The red exclamation mark alerts the user to the fact that although the employment value has changed, no other industry values have been. This results in unusual and potentially unacceptable inter-variable relationships, e.g., wage rates. If employment is increased but compensation is not, as in this example, wage rates will have declined implicitly as a result. The Rebalance button restores the inter-variable relationships to those of the templat region, but respecting and retaining the new employment value. The resulting values are shaded to identify user- and IO-Snap modified values.
Users can enter both employment and compensation data, but IO-Snap will recognize that the industry gross product values (the sum of compensation, gross operating surplus, and taxes (payments to governments) are no longer consistent with the regional template and will not allow the user to proceed until the balance is restored. Entering both new compensation and employment values then Rebalancing will balance the other gross product components and respect the user-entered compensation and employment values, as shown in the Primary Metals example below.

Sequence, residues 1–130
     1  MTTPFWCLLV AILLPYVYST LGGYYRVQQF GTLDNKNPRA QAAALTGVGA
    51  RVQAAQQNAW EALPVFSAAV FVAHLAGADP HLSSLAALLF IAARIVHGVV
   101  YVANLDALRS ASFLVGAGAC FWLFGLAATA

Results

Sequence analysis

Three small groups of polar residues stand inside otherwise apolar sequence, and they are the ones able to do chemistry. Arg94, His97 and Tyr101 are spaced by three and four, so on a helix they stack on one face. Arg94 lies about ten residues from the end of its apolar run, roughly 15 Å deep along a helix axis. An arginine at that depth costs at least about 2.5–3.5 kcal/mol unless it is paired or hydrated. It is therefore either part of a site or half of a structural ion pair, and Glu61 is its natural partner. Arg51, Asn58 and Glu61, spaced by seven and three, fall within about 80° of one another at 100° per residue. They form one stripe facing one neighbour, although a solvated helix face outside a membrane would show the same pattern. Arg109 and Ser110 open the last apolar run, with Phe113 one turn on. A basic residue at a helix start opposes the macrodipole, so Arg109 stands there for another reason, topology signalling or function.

Industry row values that respect the gross product component balance will not result in user alerts.
When a user has values for, say, employment by industry for a substate region, these values can be pasted in as a group (column vector) and rebalanced all at once. The result will look like this.
Once satisfied with the template region edits and having rebalanced as needed and selecting Proceed, users can name their new accounts in an IO-Snap Dataset Name dialog and click OK to create the new accounts, which will become the active accounts (as with the other regionalization options).
At this point, we have generated accounts for Illinois, for the East South Central Census Region, and for a hypothetical substate Illinois region. All of these accounts remain available for viewing or use in impacts assessments, as can be verified by opening the Accounts dropdown.